The pursuit of happiness: Harvard's groundbreaking study
Do you claim to know the secret of a happy and fulfilling life? If so, these seven unconventional truths from an 85-year-long study might challenge your perception of happiness.
Do you wonder what is the secret of a happy and fulfilling life? Well, this question is not a new one. The quest for a happy and fulfilling life has been a perennial concern for humanity, transcending time and culture. From ancient philosophers to contemporary thinkers, the pursuit of happiness has always been at the forefront of human introspection.
Fortunately enough, Harvard University conducted a study spanning 85 years to uncover the secrets behind true happiness. In this article, we will take you through the fascinating findings of this study and reveal the seven unconventional truths about happiness. So, be prepared to discover some of the eye-opening truths that might challenge your current perception of happiness.
What is Harvard’s 85-year study of happiness about?
Harvard’s 85-year study of happiness is also known as the Harvard Study of Adult Development. It is directed by Robert Waldinger, who is the fourth director. This study, started in 1938, is still ongoing after 75 years. In this study the researchers tracked the physical and emotional well-being from youth to old age of 724 participants and more than 2000 of their descendants from all over the world at two-year intervals. Around 60 of the original group are alive today in their nineties and still participating in the study.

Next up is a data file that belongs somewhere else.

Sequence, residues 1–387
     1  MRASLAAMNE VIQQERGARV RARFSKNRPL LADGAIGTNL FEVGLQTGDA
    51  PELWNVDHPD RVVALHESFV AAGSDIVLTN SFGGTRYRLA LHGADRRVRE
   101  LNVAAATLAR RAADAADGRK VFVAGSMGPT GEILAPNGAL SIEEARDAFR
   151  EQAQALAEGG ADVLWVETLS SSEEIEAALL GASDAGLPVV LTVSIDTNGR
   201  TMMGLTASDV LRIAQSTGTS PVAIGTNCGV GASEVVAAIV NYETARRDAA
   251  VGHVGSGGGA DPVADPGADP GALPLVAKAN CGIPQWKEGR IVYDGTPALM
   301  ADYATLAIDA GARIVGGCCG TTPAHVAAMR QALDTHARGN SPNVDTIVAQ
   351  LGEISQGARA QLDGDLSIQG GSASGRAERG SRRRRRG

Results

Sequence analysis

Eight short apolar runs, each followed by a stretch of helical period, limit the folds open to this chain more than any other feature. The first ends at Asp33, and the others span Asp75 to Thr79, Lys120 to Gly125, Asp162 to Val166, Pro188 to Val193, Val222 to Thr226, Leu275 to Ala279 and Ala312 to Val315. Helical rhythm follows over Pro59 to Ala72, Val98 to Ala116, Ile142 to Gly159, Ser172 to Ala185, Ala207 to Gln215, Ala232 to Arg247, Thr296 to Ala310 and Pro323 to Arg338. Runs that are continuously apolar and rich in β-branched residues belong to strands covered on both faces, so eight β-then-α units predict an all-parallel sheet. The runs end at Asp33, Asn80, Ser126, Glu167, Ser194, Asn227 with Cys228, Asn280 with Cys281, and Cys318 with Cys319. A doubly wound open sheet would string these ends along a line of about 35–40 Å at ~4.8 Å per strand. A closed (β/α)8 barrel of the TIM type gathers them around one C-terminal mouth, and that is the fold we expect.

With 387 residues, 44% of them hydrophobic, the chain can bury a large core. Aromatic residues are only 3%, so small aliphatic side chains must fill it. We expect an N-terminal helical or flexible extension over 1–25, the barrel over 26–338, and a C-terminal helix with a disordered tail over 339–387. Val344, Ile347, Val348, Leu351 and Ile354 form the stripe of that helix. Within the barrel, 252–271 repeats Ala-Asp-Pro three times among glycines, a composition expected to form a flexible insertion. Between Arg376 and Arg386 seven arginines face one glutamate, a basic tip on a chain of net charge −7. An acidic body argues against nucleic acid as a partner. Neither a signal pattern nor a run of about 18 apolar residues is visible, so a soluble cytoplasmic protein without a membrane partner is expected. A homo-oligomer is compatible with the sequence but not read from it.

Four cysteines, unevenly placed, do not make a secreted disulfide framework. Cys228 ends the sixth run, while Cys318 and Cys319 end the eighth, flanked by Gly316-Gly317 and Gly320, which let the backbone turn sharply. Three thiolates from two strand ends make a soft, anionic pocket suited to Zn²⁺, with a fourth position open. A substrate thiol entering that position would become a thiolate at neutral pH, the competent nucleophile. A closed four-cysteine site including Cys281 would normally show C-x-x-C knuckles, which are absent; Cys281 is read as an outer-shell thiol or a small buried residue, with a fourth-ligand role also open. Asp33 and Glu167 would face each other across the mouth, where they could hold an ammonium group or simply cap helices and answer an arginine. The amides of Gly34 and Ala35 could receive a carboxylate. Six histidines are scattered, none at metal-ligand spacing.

The study has revealed some unconventional truths that might just change the way you think about happiness. So, what are these seven brutal realities Harvard’s 85-year study of happiness has unveiled?
7 unconventional findings from the study
The quality of a relationship matters more than you think
It might not be the only thing that matters, but time and time again it is proved to be the biggest factor. Imagine being 75 or 80 years old, reflecting on your life. What would you appreciate the most? Would it be material possessions and career achievements or supportive, and loving quality relationships?
It might seem irrational if you are in your 20s dreaming of winning the world and see investing time in building relationships as a mere speed breaker to your success. But surprisingly, Harvard’s extensive study on happiness reveals that the quality of our relationships significantly impacts our happiness. It’s not about the number of friends, but rather the depth and authenticity of these connections. Cultivating meaningful relationships might take time and effort but the rewards are immeasurable.
What about money?
Well, there is no doubt that money has an impact on your happiness, but only up to a point. Yes, contrary to popular belief the study found that wealth and happiness are not directly correlated. In fact, it is better to see money as a tool to provide a sense of security, comfort, and control over your life by giving you the liberty to make decisions for yourself. But it can never guarantee to buy you a long-lasting joy, and seeing money as a solution to all your problems will create more problems. Hence, trying to find the meaning and purpose of our lives is what truly matters for lasting happiness.